A growing trend of releasing Chinese lanterns at outdoor events is putting livestock, crops and farm buildings at risk, according to farmers.


Producers across the country have complained the lanterns, which are made of paper, bamboo and wire and can float for several miles before falling to the ground, were causing serious problems on farms.

Chester beef farmer Hugh Rowlands said one of his pedigree Red Poll cattle had been killed after it ate a lantern that landed on his farm.

“I found the remains of a Chinese lantern within a few yards of where the cow had been lying… and it had been well-chewed,” he told the BBC.

“Consulting the vet, his opinion was she had actually eaten part of the lantern and the fine wire inside it had punctured her oesophagus.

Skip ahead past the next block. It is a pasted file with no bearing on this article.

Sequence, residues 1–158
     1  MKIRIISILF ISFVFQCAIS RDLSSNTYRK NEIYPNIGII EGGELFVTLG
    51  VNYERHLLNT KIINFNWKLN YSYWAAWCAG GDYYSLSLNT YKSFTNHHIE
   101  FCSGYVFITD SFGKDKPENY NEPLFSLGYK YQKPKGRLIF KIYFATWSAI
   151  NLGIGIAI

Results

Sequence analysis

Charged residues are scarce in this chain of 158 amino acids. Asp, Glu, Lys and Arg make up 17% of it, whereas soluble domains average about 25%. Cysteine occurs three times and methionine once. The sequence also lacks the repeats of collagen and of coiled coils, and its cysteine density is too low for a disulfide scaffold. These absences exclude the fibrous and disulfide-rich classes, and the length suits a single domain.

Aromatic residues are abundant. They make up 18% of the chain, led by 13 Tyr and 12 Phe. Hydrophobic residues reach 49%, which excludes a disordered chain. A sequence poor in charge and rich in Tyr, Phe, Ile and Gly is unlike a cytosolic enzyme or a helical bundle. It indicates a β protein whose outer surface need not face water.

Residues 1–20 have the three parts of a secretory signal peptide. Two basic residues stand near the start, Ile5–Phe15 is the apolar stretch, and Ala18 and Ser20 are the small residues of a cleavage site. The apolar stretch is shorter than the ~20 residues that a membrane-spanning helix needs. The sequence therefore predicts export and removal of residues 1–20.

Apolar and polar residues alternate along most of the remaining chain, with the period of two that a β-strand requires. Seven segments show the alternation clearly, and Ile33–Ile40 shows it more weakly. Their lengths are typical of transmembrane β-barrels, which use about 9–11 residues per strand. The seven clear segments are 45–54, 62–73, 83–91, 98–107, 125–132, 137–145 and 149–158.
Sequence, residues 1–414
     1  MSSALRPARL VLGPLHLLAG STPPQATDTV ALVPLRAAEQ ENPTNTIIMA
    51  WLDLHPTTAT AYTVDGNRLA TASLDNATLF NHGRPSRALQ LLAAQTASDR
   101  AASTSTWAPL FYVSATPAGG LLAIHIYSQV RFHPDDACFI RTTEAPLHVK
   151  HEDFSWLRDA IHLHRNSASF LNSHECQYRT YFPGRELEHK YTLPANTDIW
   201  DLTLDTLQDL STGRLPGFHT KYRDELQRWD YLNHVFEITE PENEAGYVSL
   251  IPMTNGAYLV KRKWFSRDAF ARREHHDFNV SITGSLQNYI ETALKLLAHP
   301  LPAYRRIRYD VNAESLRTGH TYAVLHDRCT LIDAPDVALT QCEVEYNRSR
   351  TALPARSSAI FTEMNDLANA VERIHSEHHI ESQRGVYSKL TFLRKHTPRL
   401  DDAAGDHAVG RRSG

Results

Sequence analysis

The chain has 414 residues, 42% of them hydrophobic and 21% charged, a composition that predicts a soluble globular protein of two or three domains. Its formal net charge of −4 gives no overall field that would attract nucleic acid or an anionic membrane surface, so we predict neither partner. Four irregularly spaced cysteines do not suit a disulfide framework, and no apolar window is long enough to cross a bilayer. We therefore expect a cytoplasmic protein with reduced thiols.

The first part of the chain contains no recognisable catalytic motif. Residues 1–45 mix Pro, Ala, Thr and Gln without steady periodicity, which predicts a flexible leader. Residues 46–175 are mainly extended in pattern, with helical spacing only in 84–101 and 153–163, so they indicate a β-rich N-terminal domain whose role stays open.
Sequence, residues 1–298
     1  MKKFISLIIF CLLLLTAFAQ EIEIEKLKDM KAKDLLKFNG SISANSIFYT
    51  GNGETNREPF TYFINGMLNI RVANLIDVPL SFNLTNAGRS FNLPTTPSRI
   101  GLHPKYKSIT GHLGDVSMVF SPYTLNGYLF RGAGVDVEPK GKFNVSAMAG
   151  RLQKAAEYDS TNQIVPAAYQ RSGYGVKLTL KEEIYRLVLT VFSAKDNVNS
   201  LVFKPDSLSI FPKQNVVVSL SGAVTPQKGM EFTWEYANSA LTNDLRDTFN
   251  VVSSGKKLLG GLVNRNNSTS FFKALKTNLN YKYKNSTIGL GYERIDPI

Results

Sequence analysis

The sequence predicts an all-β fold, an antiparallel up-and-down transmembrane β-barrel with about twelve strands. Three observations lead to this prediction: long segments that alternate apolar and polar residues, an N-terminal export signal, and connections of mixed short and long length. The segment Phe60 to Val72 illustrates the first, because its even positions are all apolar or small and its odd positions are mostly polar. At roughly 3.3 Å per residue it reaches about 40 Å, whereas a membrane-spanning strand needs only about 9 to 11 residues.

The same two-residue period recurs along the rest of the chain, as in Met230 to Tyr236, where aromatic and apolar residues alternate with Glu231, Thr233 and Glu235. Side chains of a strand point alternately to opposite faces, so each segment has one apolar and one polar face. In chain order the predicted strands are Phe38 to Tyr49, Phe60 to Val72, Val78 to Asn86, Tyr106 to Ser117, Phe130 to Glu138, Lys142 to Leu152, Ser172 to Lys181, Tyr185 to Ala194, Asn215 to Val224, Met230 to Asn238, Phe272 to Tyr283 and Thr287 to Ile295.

“So she’d in effect spent a long, painful 48 hours suffocating on her own feed.”

Pedigree beef farmer Pat Stanley of Coalville, Liecestershire, said the lanterns were “incredibly dangerous” and called for them to be banned.

“If we make silage in any of these fields this is all going to be chopped to pieces if we don’t see it and find it,” she said.

“That’s going to go into my silage clamp and next year I’m going to have dead cows.”

Other farmers who contacted Farmers Weekly said lit lanterns could also set fire to crops, straw or barns.

The NFU said it had written to the government over its concerns about the increased use of lanterns, which are traditionally released in Asia in a bid to bring good luck.

A union spokesman said farmers who have problems with lanterns on their land should write to venues releasing them and point out the possible dangers of them.